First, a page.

Thursday, May 27, 2010

The End of LOST

Are we surprised that the end to LOST answers questions we didn't have and doesn't answer all the questions we did have?

To anyone who wonders, LOST has one Big Question per season, and it's answered with a twist in the last episode of each season. For season 6, the question wasn't "what is the island?" but "what is this Sideways universe?" Despite the fact that I think other questions were bigger, the answer that it was the Sideways universe that was the afterlife was a nifty and unexpected piece of irony. After years of having to fend off the suggestion that the Island was purgatory, the writers actually wrote a Purgatory that looks like normal life and stuck it in, in CONTRAST to the Island! Honestly, did anyone see that coming? I'm happy with that in the end.

Looking back, with the help of the community of fans I was able to decipher many of the smaller plot twists before they happened. It was the deciphering that was fun, not the reveal itself. I'm convinced there's enough material already there to say what COULD have happened. Not being able to nail down whether it DID happen or not is secondary. When you have a personality like Jacob with powers, I think you can explain a lot of the mysteries as reflections of his personality. I'm kind of glad it's not all spelled out because now none of my beautiful theories are contradicted!

I knew going into the finale that it would have two elements I don't entirely agree with: syncretism and existentialism (that is, we make our own reality). So when those popped up I wasn't surprised in the least. But I was surprised, and positively so, at the literary parallel that the final episode drew out most prominently for me. I believe to understand the last episode you need to read, not Vadis by Phillip K. Dick, but The Great Divorce by C.S. Lewis. (Of course, I need to READ Vadis to be sure, but I can tell you the latter parallels are there, whether intentional or not.) Can ANY other TV series draw a parallel to something that meaningful?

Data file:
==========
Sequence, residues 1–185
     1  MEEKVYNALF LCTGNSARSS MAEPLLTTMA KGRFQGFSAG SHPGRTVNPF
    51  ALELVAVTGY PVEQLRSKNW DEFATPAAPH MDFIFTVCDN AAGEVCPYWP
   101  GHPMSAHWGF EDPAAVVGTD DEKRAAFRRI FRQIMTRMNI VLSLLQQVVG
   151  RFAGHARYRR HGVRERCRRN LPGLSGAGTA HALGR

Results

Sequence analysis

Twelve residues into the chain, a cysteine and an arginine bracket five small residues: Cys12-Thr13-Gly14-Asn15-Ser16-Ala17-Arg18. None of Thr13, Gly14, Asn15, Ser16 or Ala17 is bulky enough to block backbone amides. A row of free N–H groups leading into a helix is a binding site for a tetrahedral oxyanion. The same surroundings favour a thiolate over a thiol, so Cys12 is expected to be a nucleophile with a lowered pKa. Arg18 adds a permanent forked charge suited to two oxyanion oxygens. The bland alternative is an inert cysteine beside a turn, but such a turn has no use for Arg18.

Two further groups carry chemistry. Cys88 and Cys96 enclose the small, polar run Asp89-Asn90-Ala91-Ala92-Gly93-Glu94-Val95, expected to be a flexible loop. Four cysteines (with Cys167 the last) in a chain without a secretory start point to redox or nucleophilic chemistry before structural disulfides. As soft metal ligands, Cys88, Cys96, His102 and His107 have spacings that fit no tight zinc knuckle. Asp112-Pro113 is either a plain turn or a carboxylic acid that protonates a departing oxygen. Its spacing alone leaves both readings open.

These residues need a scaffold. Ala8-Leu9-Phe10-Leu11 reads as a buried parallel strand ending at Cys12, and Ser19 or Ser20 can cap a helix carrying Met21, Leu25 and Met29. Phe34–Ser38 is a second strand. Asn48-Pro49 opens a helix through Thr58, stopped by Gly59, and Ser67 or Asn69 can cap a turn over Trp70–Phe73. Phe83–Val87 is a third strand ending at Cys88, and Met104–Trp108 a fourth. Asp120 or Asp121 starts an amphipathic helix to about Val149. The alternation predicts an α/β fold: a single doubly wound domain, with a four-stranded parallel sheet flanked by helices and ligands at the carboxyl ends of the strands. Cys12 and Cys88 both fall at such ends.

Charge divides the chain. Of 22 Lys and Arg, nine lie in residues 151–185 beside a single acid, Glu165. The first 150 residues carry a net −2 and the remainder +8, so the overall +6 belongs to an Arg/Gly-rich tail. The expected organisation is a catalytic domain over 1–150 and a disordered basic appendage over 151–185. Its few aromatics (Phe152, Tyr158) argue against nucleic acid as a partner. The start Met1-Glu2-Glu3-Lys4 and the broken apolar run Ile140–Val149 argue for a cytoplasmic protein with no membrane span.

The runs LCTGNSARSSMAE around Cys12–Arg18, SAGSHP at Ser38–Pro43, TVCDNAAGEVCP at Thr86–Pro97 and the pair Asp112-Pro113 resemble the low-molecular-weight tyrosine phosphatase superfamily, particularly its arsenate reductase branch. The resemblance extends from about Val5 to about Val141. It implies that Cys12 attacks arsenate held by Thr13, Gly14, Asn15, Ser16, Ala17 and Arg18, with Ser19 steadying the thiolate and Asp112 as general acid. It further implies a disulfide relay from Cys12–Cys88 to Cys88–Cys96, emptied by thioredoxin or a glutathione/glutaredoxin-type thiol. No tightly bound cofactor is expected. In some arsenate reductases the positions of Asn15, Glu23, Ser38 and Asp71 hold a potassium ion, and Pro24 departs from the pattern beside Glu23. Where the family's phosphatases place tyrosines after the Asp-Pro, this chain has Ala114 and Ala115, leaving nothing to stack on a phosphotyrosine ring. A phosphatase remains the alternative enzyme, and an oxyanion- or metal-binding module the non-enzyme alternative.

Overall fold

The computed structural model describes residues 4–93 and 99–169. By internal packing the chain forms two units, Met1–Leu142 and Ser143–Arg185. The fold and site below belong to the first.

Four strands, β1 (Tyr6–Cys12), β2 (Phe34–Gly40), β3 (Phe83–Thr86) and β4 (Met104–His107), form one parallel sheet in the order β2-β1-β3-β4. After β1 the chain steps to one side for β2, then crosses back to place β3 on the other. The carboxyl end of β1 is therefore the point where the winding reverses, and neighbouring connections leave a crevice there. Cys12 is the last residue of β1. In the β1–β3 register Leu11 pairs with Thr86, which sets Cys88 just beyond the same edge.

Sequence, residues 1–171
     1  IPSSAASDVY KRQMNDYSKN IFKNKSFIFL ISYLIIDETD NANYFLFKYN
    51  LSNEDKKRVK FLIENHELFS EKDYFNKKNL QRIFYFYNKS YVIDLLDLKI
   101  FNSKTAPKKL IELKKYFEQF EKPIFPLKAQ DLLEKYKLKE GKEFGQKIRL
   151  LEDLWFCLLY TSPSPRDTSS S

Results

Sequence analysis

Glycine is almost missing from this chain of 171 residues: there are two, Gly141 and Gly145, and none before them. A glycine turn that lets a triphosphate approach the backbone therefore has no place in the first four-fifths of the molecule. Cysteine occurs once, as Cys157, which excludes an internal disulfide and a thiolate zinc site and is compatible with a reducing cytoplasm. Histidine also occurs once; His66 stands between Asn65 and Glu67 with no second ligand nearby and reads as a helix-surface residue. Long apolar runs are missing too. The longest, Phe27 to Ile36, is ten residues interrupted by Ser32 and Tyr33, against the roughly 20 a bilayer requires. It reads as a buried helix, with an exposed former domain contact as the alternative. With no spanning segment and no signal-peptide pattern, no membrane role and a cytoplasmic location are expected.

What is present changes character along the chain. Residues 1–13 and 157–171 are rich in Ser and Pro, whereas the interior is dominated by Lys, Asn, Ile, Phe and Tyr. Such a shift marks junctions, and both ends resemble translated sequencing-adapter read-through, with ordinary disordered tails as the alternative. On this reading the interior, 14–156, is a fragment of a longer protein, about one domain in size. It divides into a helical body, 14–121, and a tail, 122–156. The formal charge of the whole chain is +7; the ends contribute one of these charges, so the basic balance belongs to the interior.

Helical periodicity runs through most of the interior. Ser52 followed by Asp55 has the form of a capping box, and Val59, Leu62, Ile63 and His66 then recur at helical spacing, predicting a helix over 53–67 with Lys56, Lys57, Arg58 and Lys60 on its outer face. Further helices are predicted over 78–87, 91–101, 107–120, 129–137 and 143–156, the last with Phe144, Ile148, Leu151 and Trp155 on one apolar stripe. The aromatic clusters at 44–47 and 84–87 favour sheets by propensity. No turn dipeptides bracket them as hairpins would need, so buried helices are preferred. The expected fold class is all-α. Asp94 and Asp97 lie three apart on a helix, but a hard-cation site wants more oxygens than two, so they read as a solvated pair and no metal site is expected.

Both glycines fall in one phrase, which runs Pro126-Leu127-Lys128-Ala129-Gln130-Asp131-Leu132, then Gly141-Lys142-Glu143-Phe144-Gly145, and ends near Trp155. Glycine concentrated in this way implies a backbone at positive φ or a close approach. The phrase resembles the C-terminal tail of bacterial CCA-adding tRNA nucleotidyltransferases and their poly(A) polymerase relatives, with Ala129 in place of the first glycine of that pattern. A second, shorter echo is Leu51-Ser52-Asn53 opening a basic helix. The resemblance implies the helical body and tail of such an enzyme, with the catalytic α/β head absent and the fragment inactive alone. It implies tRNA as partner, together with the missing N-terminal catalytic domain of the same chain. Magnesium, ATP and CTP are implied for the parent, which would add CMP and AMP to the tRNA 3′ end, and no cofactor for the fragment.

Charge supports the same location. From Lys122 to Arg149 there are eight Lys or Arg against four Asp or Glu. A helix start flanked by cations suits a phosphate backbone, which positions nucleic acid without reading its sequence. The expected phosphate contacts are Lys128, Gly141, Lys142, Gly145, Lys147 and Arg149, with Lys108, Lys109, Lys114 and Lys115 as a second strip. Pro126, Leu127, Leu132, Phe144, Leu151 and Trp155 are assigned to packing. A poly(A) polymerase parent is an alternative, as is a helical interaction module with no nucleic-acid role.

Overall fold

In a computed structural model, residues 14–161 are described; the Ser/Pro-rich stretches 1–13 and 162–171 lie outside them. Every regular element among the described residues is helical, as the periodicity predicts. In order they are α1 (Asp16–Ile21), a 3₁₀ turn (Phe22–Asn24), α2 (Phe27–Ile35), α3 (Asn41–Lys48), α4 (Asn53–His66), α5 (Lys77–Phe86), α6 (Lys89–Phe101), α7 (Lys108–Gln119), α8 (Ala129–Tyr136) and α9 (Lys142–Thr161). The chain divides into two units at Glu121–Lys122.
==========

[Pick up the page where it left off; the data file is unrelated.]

Sure, it was sentimental and mushy, but one danger of love is that it comes across as sentimental and mushy. Since I believe, in a phrase, that Love runs the universe, I don't mind a little mush.

Another influence has to be Stephen King. For all his reputation as a horror writer, Stephen King has spiritual beliefs (which I discussed in my review of his recent short story collection on this blog, I believe) and holds that our lives are not, cannot be, meaningless collisions of atoms. I'll celebrate that assertion whenever I find it: in C.S. Lewis, in Stephen King, or in LOST. And so I celebrate LOST.

Because it's left open-ended, I can still explore the possible faith-science connections in the show, too!

That may be my favorite thing about this all: the fact that, here it is a few days after the show, and I feel like we have as much to talk about as ever. It will fade away eventually, but I think when my boys are old enough I look forward to reliving the show again with them. How old is old enough? Well, I know for certain they're not there yet! When they can read and "get" The Great Divorce, then they'll be "ready," as Eloise Hawking puts it.

It's been said before and I'll repeat it here: LOST is dead. Long live LOST.

1 comment:

Andrew said...

I was wondering if the writers of the show had read The Great Divorce after watching the finale. I read an interview with Lindelof and Curse and the said they loved the Chronicles of it may not be that far fetched? I also really liked what they did with the flash sideways. I think what they realized (and most importantly Jack) was that their Island life was more fulfilled than their non-Island life (Jack's son aside). But that also things in their non-Island life also mattered. That without the Island (ie, without those relationships), they were 'lost'. Good irony.